Otago Daily Times

Grudging tribute given at the church of technology

- Joe Bennett is a Lyttelton writer.

IT'S not a shop. It's a gallery. The goods for sale are exhibits — phones, tablets, laptops — lit to stress their excellence, and tethered against theft.

It's both clinical and minimal. It's a chapel to high technology, a place of electronic reverence.

Lining the walls above the smooth and lustrous gadgets are larger screens, in constant movement, unfurling colours purer than you'll find in nature. These are images from lalaland, from technoheav­en where everything is shining and the internet loves you back.

There are no tills or shelves or checkouts. Only islands of polished wood, spare and square, like little altars. The clergy are young, boys and girls in their early 20s, and from a rainbow of ethnicitie­s: Indian, Chinese, Korean, Filipino. They've never known a world without WiFi, would find it hard to imagine or to survive in.

Yesterday there had been something on the path outside my garage. Without my glasses on I could not make out what. I bent to examine it and just as it came into focus as a bit of blown vegetation, the phone fell from my shirt pocket and landed face down with a crack. The glass was shattered, shards poking from it. I pressed the little button on the side and the screen came gamely to life, but the beast was clearly done for, its short existence over.

I was early at the shop, determined to be in and out of the mall before it became an Hieronymus Bosch. Others had had the same idea. All but one of the altars was already occupied by a priest of electronic­s and a member of the laity.

My own priest was of Indian origin, her left hand a spiderwork of henna tattoos and her fingernail­s thrushegg blue. I handed her the ruined phone.

‘‘Gee,’’ she said, ‘‘that's an old one.’’

I'd bought it new, perhaps four years before.

I explained that my needs were simple, that I used my phone only to text and call, and if necessary for the Covid tracing system, and she recognised my type immediatel­y and led me to their simplest model. It looked to me like all the others but it cost a mere $120.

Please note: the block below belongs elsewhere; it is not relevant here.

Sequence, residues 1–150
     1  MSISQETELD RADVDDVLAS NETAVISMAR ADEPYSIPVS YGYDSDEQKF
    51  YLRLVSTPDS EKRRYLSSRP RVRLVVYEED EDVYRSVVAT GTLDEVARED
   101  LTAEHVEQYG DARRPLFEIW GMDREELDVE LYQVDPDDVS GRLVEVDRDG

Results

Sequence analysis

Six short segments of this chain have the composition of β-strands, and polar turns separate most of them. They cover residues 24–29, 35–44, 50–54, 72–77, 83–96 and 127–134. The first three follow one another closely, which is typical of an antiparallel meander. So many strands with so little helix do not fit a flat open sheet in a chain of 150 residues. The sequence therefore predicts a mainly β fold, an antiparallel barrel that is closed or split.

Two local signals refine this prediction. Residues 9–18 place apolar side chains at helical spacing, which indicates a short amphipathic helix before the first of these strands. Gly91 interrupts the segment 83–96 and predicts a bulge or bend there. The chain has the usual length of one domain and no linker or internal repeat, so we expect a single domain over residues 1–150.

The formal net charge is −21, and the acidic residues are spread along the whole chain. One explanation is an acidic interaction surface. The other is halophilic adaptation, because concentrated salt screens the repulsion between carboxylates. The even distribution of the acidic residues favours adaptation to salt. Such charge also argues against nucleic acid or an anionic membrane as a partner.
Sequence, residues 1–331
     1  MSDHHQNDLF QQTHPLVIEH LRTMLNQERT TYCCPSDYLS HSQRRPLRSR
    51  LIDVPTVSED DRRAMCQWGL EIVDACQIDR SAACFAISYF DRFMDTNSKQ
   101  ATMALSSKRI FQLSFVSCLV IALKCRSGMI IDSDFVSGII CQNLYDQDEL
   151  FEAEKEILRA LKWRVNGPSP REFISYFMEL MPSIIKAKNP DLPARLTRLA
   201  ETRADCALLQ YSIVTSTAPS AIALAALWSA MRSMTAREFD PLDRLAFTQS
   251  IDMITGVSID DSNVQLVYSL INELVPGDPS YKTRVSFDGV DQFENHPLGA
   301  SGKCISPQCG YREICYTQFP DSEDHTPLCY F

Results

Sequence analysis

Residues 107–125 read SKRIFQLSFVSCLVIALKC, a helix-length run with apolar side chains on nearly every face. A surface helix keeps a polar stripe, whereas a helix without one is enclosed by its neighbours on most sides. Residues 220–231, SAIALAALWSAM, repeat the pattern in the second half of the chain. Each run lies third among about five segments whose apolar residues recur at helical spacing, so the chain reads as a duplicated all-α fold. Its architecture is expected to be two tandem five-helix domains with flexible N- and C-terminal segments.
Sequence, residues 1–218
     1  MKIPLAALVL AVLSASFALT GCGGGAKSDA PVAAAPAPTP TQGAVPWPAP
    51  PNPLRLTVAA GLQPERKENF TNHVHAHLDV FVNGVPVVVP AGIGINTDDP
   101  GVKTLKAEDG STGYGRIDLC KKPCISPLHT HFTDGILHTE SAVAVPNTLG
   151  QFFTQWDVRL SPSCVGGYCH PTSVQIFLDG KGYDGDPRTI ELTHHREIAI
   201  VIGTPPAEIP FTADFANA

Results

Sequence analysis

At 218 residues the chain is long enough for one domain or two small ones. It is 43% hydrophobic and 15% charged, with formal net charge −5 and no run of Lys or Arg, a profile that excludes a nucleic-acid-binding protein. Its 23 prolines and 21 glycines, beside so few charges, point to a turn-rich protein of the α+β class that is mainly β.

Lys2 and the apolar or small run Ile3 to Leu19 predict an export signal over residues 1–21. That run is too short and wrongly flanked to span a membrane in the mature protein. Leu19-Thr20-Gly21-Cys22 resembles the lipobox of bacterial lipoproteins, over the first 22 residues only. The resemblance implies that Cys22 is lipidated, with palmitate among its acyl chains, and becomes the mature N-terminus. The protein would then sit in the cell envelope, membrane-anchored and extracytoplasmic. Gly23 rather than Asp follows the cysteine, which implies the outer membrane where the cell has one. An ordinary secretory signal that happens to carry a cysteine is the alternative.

‘‘Perfect,’’ I said. ‘‘Now if you'd just be kind enough to transfer all my contacts on to the new phone, then I'll be off and away for four more years during which brief time this phone will become an antique and I . . .’’ but there was a problem, something to do with sim cards and memory that I paid no attention to because I knew I would not understand.

She said she'd have to use a different method to transfer my contacts and it would take a while, and then she plunged into the mysteries of her craft and I had nothing to do. I toured the gadget displays but found no interest there, so I just watched the customers.

They were all my age or thereabout­s. Presumably the young were still in bed or shopping online. Or both.

Two women came in together, arm in arm, one of them limping on a deformed ankle. Both seemed daunted by the brightlit hitechery, but the Filipino assistant won them over with a wide smile and found stools for them and though I could not hear what was said, they formed a happy little group.

But on the far side of the store a man aged 60somethin­g in a red check shirt was fully audible and far from happy.

He had tried to perform some routine operation on his phone, something he'd done a dozen times himself, he said, but now it seemed it couldn't be done. The assistant tried to explain but the man was deaf to explanatio­n and he shouted some more and then, his anger feeding on itself, demanded TO SEE THE MANAGER.

The manager was 30somethin­g, plump and Indian and quietly spoken but unable to appease the angry man, who bellowed his grievance once again then slapped the counter with the flat of his hand and stormed out of the shop. Had there been a door he would have slammed it.

King Lear is the greatest of Shakespear­e's plays. At its heart is an old man who senses power slipping to the next generation and he rages at his own growing impotence.

‘‘Your phone is ready, sir,’’ said the smiling Indian girl, and I thanked her and left with the device that’s fundamenta­l to the modern world and that I can barely use.

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